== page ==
Six months ago, catastrophe struck West Philadelphia’s Greater Bible Way Temple.
The 115-year-old Gothic-style church became a raging inferno last August, as a crowd of neighborhood residents, devoted churchgoers, and news reporters watched in horror.
Now the church’s leadership is moving forward with a new strategy for the future. Last week, they pulled demolition permits for much of the fire-scarred property, preserving only the soaring belltower and an attached three-story building that used to house the rectory.
“The whole church building is coming down, only the bell tower will remain,” said Ralph Berrios, who is leading the project for demolition contractor EK Multiservice LLC. “We are going to surgically cut around it.”
Berrios said that his crew will salvage as much of the historic building materials as possible on behalf of Greater Bible Way Temple’s future building project on the site.
“We are stockpiling the stone because they are going to try to use as much of the old church as they can to bring back their new facilities,” Berrios said.
Berrios said that the new facilities will be in the same location as the old church, just off the intersection where 52nd Street meets Lancaster Avenue. The new structure will be located at the rear of the site, away from the road. The land where the fire-ravaged building currently stands will become a parking lot.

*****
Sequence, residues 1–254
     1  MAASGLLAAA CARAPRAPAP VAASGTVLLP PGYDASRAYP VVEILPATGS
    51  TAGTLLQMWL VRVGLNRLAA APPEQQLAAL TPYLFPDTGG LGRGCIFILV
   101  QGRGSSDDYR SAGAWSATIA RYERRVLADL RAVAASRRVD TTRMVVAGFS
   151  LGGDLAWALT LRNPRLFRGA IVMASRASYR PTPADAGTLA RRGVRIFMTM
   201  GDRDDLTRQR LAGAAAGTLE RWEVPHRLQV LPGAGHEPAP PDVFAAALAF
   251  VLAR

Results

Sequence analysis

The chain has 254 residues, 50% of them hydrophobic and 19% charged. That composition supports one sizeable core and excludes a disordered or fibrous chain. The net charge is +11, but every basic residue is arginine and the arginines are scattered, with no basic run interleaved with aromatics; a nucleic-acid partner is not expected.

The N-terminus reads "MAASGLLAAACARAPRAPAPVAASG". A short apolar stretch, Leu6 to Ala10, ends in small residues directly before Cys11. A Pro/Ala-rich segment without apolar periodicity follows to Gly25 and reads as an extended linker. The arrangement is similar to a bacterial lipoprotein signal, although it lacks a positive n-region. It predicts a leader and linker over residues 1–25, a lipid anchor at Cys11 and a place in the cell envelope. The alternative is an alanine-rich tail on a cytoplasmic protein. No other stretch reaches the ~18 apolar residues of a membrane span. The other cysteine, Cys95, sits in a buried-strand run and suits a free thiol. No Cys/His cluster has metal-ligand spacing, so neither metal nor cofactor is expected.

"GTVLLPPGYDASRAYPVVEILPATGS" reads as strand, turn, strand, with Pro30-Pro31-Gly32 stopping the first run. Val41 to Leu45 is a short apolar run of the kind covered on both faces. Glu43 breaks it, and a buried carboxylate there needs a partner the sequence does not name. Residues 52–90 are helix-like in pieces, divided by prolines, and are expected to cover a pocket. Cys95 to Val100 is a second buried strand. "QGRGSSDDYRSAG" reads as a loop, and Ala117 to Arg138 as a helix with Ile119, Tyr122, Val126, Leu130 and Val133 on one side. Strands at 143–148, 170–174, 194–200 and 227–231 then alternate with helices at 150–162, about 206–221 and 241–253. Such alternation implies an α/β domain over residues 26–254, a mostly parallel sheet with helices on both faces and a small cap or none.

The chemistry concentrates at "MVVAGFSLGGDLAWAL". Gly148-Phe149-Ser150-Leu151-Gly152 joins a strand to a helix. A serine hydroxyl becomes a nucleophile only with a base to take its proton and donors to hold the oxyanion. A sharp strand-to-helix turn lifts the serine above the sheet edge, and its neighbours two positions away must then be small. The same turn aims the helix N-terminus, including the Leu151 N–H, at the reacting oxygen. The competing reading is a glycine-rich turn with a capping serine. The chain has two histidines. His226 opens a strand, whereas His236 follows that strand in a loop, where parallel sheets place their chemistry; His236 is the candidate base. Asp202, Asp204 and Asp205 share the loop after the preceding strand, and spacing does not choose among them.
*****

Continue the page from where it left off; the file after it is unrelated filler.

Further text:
Reached by telephone, Greater Bible Way Bishop Benjamin Petersen said he would soon have a statement for the media and refused to discuss details further.
The building on 52nd Street is a former Roman Catholic church. The impressive structure is a neighborhood icon and Greater Bible Way’s larger complex of buildings served a variety of social functions in this community near the edge of Fairmount Park. Before the fire, the complex of buildings provided housing for people experiencing homelessness and served as a daycare center.
The church is not on the city’s Register of Historic Places, but the Preservation Alliance of Philadelphia did lobby Petersen to save more of the building.
According to Preservation Alliance executive director Paul Steinke, the church only received an insurance settlement that would cover half the cost of fully renovating the building.
Steinke said that Petersen told him that the current plan — demolition then building a smaller structure — would only cost 75% of Greater Bible Way’s settlement, leaving the church with some extra funds in addition to a new building.
Berrios said the demolition of the building should take four-to-six weeks.
“It’s not about sinking it down fast, it’s about sinking it down right,” Berrios said.